I've ratcheted up my networking a little more again in the last couple years, largely due to the fact that I'm approaching retirement age (I'm 59) and I'll hopefully soon have more time for gigging and practicing. I'm really interested in doing "call" work in Minnesota. There's not alot of harpers around here... anybody from metro areas in other states would be shocked by the paucity of decent harpers.

I've got alot to learn too. All I've got really is decent chops. My knowledge of discology, titles, etc. sucks. I've always been a sideman harper; never led a band with harp or keyboards. If you asked me to play the signature lick of more than a few tunes, I'd ask you to hum a few notes and then I'd be fine alot of the time, but I also may blank. Give me a few days to work on something off a recording and I'll probably get it down unless it's real demanding. But, hey, it's great that there's alot to learn; it keeps you going.

Re: Session Work Techniques?

PostPosted: Mon Nov 01, 2010 5:45 pm
by TC6969
Don't automatically assume that he knows more than you about making things work.

When I first started doing session work, I just went in and did what I was told until one night we spent 2 hours trying to get a particular sound doing things the engineers way.

I knew exactly how to do what he wanted but kept my mouth shut and tried to let him run the session the way he thought was right.

Finally he gave up, put his ego in his pocket and asked for suggestions.

I gave him some and we had the train back on the track in about 5 minutes!

We BOTH learned something that night!

He might know how to record and manipulate the sound, but he cant do jack until he gets the sound and that comes from YOU!

DONT be afraid to speak up!

Re: Session Work Techniques?

PostPosted: Tue Nov 02, 2010 2:29 am
by too2tall
I just did some studio work over here in Japan for a J-pop singer songwriters new CD. The producer wanted me to play dry with no amp. I must have done 8 takes and was experimenting with mic distance to get different tones and add to the dynamics when I tried a deep cup and started playing through the cup hole of my hands into the mic and using that far away tone you get and man did it fit the song. The producer sent me the final copy not long ago and they added some reverb and fattened it up plus mixed about 4 tracks into one but it sounded really nice. You never know what to expect at a session so go in open minded and be ready to experiment to find the sound you need.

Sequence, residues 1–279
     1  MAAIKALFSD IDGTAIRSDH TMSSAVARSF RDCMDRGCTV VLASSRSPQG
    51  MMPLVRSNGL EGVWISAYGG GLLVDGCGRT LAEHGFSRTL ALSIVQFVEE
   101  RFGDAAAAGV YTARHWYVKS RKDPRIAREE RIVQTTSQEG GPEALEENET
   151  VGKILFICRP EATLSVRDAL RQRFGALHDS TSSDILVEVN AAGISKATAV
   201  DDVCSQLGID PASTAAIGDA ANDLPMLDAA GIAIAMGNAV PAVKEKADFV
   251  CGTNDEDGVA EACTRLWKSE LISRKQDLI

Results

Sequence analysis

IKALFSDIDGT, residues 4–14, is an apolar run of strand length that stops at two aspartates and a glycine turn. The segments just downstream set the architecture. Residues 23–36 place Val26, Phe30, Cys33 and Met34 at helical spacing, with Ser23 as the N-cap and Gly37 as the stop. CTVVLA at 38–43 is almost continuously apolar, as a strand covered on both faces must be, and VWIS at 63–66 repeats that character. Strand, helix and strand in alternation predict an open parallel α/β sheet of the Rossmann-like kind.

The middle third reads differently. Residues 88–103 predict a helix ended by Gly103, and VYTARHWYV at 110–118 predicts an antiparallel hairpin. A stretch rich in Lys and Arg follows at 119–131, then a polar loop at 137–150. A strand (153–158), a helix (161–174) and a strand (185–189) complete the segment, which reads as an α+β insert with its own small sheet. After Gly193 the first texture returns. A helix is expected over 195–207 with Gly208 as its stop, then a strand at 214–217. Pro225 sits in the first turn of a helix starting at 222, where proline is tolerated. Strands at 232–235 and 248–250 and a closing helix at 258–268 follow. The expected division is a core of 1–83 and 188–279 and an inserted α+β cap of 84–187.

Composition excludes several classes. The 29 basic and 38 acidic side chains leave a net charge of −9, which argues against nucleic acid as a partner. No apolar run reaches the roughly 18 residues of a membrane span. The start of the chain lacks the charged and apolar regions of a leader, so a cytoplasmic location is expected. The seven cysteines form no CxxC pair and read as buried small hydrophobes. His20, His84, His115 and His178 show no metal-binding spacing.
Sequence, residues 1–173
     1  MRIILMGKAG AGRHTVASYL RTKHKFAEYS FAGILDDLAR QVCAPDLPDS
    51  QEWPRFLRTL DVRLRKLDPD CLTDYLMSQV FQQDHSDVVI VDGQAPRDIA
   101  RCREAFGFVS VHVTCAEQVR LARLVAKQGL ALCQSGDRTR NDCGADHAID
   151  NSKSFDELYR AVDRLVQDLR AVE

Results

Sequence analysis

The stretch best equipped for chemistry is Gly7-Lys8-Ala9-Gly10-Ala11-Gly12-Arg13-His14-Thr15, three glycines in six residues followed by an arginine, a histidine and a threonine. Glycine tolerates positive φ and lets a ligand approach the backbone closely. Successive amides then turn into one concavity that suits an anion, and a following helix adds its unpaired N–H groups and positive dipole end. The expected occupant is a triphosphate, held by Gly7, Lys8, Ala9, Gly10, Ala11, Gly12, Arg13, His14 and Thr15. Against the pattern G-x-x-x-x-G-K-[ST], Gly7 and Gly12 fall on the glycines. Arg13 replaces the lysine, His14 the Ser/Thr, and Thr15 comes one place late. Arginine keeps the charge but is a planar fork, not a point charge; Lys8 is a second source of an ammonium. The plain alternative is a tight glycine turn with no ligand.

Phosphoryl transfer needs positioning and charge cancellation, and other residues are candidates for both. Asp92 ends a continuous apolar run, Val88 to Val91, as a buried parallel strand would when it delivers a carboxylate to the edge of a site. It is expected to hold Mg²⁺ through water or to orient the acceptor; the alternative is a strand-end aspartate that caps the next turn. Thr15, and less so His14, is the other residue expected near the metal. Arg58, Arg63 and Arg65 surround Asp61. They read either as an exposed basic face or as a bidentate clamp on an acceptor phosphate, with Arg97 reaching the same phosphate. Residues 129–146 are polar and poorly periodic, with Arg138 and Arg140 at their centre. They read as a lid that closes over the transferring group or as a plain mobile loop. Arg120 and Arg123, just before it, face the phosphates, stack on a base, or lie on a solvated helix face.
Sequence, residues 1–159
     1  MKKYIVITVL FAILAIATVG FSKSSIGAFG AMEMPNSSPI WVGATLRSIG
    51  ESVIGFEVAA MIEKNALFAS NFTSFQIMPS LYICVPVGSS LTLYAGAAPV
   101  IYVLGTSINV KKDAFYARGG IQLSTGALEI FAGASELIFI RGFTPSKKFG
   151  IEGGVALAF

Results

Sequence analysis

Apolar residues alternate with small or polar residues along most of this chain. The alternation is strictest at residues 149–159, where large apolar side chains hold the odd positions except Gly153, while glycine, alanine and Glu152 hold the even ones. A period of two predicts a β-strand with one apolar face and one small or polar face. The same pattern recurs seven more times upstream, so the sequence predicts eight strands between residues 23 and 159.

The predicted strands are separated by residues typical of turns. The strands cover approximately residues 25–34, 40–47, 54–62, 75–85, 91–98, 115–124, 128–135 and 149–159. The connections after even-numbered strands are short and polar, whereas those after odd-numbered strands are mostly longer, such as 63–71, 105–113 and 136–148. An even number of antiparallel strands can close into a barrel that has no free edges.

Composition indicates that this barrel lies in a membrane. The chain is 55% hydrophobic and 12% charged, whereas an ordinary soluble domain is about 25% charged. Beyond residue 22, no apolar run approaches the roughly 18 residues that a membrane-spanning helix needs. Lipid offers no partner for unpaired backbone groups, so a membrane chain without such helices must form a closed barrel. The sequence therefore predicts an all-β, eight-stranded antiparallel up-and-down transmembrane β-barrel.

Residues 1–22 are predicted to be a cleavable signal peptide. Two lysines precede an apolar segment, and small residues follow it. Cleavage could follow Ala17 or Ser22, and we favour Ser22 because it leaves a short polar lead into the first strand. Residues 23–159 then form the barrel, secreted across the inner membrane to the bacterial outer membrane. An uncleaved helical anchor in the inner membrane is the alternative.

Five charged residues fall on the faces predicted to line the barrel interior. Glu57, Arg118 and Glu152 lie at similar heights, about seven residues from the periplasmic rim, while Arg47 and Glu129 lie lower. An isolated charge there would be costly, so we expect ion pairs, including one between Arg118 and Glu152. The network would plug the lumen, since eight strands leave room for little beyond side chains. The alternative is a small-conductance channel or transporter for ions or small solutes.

Re: Session Work Techniques?

PostPosted: Tue Nov 02, 2010 12:40 pm
by jeffl
That sounds cool 22! I guess I'll jus' chill a little and not get anxious here. You guys have settled me down a little, along with having some time to get adjusted to the idea of a different challenge.

I've done enough home, rehearsal, and gig recording to know that you almost always hear things on the recordings that you don't like. I also know that most of us are our own harshest critics, but I don't think too many of us use that as an excuse not to work hard at getting the job done.

It's fairly easy though, to please a live audience while not playing at your best-- as long as you play fairly well and have a good time, etc. But, I've always been a little intimidated by the fact that live performance and recording presented differing obstacles.

Re: Session Work Techniques?

PostPosted: Wed Nov 03, 2010 3:26 am
by jbone1
what i like best recording-wise, is to be recorded as live as possible. for better or worse i find that live recordings- warts and all- are my favorite. even with that drunk patron showing just how loaded they are 10 feet from the stage, those kind of recordings just capture the spontaneity i love so much. it's like a record of connecting with an audience when it goes well. and i think my best comes out live.

the last band recording i was in on, the drummer we were using was fairly new to us and was kind of hesitant. and we just couldn't seem to hit the groove we wanted on the first few songs. finally the engineer and his helper had a heated discussion and the assistant went over the the drum booth and told the drummer, "man, you may just pack up and leave after i tell you this, but STOP PLAYING LIKE A PUSSY! you are not in church, these guys need you to hammer the tom and snare into the floor and kick the bass drum right through the wall of the booth!" and amazingly, the guy did just that and we hit the groove immediately. we nailed 11 original songs in one session that day. after the session we talked about it a bit and the drummer told us he didn't want to go over the top. but when you're all wearing phones and going live, you really need that bottom end. the engineer can model the sound you're getting in the phones but there has to be some good raw material for him to work with.